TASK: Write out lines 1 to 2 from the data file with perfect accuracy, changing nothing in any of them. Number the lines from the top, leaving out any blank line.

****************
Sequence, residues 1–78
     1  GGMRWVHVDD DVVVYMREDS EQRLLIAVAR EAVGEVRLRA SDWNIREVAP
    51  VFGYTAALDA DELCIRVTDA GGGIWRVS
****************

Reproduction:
Sequence, residues 1–78
     1  GGMRWVHVDD DVVVYMREDS EQRLLIAVAR EAVGEVRLRA SDWNIREVAP